The specific aims of this project were to: (1) establish health information technology (HIT) to interoperate the external CDS ATHENA-HF with CPRS using the new tools developed in the POC CDS project; (2) evaluate the accuracy of the recommendations generated by the new system using sample (de-identified or simulated) VA patient data; and (3) evaluate the integrated system with stakeholders.
The overall method used was iterative cycles of design, implementation, and testing of software in a test environment with CPRS.
Specific Aim 1:
We analyzed the HF guideline recommendations encoded in ATHENA-HF to identify items to update in order to align with the 2013 American College of Cardiology/American Heart Association (ACC/AHA) guidelines for the management of heart failure, drawing on the clinical expertise of our research team to interpret the guidelines and translate them into computable formats. To integrate the updated ATHENA-HF CDS with CPRS, research team and contractors collaborated on changes to the POC CDS software that had been developed for the previous VHA Innovations project, adapting it to the needs of HF CDS by (1) updating the knowledge base (KB) used by the POC CDS software and (2) modifying the list of clinical concepts that the software retrieved from the data available in CPRS, including additional tables for information specific to HF.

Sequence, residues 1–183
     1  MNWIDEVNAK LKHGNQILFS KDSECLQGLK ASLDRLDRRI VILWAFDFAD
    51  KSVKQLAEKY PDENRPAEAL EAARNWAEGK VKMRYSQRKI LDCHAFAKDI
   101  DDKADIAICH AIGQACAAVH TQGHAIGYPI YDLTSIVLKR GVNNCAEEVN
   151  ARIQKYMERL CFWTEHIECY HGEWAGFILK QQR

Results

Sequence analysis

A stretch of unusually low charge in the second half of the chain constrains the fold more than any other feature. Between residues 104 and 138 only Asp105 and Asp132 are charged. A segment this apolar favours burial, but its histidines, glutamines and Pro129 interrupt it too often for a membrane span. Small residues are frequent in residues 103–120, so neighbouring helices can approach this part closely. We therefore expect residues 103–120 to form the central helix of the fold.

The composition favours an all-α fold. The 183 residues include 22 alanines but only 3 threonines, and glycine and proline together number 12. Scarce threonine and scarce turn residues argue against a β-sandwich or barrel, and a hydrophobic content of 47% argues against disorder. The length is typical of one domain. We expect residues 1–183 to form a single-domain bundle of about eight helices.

Specific Aim 2: